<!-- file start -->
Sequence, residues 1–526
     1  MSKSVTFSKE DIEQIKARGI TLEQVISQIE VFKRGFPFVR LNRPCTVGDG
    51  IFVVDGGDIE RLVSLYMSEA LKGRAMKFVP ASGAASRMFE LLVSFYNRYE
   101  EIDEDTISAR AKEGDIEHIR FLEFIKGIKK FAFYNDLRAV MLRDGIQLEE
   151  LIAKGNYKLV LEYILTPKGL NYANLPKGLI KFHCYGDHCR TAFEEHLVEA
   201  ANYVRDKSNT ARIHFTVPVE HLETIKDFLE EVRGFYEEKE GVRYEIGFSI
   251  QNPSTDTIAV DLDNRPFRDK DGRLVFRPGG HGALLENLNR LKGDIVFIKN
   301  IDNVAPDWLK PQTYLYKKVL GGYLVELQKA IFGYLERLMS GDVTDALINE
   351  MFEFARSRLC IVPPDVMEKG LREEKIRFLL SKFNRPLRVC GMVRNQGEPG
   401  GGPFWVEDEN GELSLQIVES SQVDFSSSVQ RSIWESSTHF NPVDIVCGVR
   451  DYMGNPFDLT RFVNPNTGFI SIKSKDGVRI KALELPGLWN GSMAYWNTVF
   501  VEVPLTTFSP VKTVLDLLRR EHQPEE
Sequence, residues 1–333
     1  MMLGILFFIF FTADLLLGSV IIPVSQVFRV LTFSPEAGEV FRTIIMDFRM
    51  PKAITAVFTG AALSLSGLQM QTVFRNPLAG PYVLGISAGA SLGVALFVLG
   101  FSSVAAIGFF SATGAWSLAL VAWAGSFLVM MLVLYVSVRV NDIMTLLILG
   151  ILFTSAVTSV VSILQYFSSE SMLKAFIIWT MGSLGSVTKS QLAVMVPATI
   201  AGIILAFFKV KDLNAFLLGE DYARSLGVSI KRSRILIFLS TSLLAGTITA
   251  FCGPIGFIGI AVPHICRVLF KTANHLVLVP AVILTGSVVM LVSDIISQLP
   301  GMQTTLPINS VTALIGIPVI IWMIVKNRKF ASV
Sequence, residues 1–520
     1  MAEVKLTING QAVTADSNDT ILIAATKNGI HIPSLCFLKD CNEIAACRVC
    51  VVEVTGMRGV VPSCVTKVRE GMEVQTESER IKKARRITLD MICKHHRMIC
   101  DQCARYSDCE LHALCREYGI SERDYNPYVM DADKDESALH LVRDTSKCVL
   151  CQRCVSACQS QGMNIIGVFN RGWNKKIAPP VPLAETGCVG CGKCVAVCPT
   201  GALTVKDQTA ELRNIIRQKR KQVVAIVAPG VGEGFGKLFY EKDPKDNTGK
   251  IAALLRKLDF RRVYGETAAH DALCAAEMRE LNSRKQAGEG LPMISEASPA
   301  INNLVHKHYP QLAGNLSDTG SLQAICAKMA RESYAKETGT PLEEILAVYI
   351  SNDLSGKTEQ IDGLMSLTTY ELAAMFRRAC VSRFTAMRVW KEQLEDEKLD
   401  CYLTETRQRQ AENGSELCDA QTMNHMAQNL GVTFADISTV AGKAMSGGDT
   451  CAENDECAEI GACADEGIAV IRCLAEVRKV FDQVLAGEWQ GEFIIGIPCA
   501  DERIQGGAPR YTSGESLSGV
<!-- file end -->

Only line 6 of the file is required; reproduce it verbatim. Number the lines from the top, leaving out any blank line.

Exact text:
   201  ANYVRDKSNT ARIHFTVPVE HLETIKDFLE EVRGFYEEKE GVRYEIGFSI